Before choosing a specific financier, ask the lender for references or interview other business owners. Determine which facility treats clients fairly, provides assistance with applications and documentation, supplies entire loan amounts, and how the institution handles small business hurdles. Loan brokers evaluate the needs of small businesses and provide suggestions regarding other lending institutions. Higher rates accompany these loans for services rendered. However, in many instances, the firms supply approvals not otherwise easily acquired.

Loan Types

Small business applying for loans can expect interest rates ranging from 8% to 14%, plus application fees (typically <$100) and other stipulations. Beware of low cost loans that add hidden fees that in effect cost the proprietor more in the end. Loan types vary in the amounts available and the time of repayment. If desiring to pay off a loan in its entirety prior to the projected period, ensure no early repayment penalties apply.

Term loans require monthly payments over a specified length of time. Proprietors use short-term loans for needs that ensure a quick return. Companies repay the loan in one lump sum in a year or less. Line of credit loans provide small increments of money to generate constant cash flow. Many businesses acquire and pay off these loans annually.


Gap in Mortgage Rates – Cause of the Divide

As the recession continues to affect Americans, the gap between the wealthy and the poor is steadily increasing. Data recorded by the Census Bureau shows that there are more individuals living in poverty than ever recorded. The Great Recession has added 6 million people to the poverty ranks. As the gap continues to grow between the rich and poor, so does the ability to obtain a mortgage between individuals with low credit scores and those with high scores.

Harder to Qualify for a Mortgage

Obtaining a mortgage with a good rate has become increasingly difficult since the meltdown of the mortgage industry, a feat that is already difficult for those of limited means. According to a poll taken by Zillow Mortgage Market Place, nearly 33% of Americans are unlikely to qualify for a mortgage because of low credit scores. When using Zillow to search for loans, no results were yielded for individuals whose credit scores were 620 and below. According to Freddie Mac, lenders have returned to placing emphasis on a borrower’s credit history, capacity, and collateral.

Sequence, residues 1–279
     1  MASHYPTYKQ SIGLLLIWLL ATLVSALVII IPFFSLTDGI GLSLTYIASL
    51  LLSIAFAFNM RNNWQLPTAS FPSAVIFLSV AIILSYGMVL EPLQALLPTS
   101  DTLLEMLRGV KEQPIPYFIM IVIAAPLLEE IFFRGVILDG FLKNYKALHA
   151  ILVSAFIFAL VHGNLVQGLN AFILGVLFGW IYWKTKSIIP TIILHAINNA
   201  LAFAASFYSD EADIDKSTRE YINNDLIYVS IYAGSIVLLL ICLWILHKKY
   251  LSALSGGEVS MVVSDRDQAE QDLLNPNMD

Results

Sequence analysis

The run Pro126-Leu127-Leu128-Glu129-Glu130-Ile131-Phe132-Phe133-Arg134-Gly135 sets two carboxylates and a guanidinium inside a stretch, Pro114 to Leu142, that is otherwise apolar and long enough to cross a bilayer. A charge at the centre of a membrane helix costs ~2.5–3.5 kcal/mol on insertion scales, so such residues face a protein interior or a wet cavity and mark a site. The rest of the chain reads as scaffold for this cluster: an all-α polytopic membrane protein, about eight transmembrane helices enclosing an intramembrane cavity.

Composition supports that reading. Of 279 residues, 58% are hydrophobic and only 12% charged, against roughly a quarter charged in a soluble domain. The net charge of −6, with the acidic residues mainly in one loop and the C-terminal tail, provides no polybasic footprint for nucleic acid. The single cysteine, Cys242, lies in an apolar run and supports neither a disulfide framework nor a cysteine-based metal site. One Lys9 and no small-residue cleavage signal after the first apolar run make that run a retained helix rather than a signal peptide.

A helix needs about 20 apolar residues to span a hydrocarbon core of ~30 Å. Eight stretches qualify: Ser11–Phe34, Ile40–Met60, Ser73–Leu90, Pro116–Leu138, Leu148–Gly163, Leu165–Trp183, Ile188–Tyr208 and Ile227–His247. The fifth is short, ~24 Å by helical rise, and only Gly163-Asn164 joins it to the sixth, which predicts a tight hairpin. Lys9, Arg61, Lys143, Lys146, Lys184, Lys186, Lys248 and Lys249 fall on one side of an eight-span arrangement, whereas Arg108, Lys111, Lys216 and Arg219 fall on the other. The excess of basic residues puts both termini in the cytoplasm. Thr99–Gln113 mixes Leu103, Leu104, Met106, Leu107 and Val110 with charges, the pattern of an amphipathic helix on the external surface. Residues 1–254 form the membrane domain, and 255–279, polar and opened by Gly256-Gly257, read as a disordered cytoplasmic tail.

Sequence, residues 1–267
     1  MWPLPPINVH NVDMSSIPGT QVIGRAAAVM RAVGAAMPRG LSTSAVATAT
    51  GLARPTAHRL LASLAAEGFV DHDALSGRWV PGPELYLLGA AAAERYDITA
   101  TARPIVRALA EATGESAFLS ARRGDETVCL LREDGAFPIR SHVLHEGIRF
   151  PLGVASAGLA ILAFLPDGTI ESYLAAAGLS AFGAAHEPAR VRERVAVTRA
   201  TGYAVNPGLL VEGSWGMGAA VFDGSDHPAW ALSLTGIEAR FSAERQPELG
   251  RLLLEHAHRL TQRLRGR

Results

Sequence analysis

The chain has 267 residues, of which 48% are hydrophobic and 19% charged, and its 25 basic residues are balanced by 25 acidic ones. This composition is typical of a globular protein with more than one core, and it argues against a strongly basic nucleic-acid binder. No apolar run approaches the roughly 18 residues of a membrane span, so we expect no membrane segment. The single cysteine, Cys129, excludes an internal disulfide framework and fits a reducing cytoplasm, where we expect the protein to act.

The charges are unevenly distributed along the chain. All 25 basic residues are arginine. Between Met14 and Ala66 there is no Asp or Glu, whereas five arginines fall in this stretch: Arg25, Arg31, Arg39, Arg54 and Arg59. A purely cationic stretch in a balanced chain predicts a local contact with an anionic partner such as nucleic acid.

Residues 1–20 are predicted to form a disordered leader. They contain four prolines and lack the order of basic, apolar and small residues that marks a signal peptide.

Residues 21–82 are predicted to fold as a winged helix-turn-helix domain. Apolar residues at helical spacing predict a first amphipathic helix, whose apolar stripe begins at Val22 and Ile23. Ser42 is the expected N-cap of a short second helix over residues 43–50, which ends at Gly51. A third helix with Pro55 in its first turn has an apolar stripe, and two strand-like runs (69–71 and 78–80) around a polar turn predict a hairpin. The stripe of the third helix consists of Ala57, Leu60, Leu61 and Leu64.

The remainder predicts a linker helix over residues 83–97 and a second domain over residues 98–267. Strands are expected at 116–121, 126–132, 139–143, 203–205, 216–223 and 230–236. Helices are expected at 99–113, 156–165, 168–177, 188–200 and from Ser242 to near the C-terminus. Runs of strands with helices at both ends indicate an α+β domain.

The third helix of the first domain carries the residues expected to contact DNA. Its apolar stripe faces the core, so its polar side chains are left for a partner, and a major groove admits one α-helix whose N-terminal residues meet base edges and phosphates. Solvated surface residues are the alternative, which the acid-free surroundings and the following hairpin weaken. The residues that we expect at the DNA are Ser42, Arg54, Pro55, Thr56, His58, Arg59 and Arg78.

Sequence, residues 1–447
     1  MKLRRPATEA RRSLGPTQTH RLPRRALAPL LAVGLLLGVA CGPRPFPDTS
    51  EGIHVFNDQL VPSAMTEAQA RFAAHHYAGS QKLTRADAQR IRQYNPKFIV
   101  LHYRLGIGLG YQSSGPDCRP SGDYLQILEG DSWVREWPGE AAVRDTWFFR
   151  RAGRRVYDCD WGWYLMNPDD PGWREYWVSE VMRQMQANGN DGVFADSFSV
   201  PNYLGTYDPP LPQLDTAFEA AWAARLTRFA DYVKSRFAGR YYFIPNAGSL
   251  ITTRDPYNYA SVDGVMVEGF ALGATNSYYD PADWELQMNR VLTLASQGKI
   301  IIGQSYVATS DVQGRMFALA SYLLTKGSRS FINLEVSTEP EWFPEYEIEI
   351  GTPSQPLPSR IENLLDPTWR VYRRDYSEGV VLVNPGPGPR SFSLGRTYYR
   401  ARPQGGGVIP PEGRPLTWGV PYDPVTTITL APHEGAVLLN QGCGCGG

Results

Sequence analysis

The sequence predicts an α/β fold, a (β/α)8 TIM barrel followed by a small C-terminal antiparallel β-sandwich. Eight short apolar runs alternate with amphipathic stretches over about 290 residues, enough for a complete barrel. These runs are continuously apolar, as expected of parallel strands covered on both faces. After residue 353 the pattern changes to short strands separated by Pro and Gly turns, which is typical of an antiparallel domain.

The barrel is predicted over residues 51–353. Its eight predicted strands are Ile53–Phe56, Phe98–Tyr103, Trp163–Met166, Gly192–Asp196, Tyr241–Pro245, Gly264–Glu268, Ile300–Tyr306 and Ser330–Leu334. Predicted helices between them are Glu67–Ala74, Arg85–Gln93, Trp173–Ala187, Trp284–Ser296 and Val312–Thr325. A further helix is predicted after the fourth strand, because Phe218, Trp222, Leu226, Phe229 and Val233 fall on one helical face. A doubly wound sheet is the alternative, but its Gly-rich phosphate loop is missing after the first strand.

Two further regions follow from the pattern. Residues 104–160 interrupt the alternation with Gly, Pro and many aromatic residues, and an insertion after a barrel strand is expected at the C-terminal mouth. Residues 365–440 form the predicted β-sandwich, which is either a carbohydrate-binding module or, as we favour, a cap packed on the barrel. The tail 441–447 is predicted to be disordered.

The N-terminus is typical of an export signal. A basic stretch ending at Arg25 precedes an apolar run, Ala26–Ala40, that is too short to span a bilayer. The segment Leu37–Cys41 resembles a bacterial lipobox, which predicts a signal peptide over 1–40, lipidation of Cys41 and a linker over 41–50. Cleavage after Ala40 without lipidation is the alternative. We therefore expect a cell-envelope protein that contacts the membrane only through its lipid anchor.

There remain few options for individuals with low credit scores. In the unlikely case of getting their loan applications looked at thoroughly by a loan officer, individuals are simply told to improve their credit scores in order to qualify. However, many individuals are finding this to be a difficult task, and have to put their dreams of home ownership on hold. When you don’t have the cash flow to get the bills paid on time, your credit score suffers.

Higher Scores Only Help a Little

Even individuals with good credit scores are having a hard time securing mortgages with good rates. Banks and mortgage companies have become more selective in offering mortgages to consumers. Borrowers with credit scores of 720 and higher are receiving slightly better mortgage rates than individuals with scores ranging from 620 to 719.

According to Zillow, borrowers with mid-range credit scores (620 to 719) are receiving annual percentage rates of 4.73 to 4.44 percent. Borrowers with credit scores above 720 receive annual percentage rates of 4.3 percent. Borrowers with great credit scores were once able to get mortgages far better than those with average credit. This is no longer the case. Even those with credit scores of 780 and higher are seeing only slightly better rates than those with mid-range credit scores.

Difficulties for the Self-Employed

Not only are borrowers with low credit scores having a hard time securing mortgages, but so are self-employed individuals. Even with good credit scores, individuals who are self-employed have to go through great lengths to prove they are credit worthy. Those who are self-employed should be prepared to present current bank statements and tax records. Lenders are also requesting 401 (k) records to prove that individuals have savings and investments that can be easily liquidated.

Refinancing Obstacles

It is also more difficult for borrowers to refinance existing loans, mainly because of reduced equity in their homes. This issue also affects individuals with great credit. The FHA has started a new program to assist borrowers who are “underwater” on their homes, but it is yet to be seen whether this will actually help those in need.

America is experiencing record low mortgage rates. The large amount of foreclosures in America has substantially driven homes prices down. The problem, however, is that most Americans are not able to qualify for mortgages. In the subprime mortgage era, many individuals with low credit scores were able to buy homes. However, this contributed to the housing bubble in America, and those lending practices were eliminated.

The meltdown in the housing industry and the recession has changed the way people get mortgages in America. Lenders are simply hesitant to lend out money. In the wake of the financial bailouts administered by the government, there has come increased pressure from Washington for lenders to lend out money. However, there has been little change in new lending practices. Lenders are taking every precaution they deem necessary before approving individuals for mortgages. With the socio-economic gap growing wider, it will remain hard for people with low credit scores and struggling wages to qualify for loans.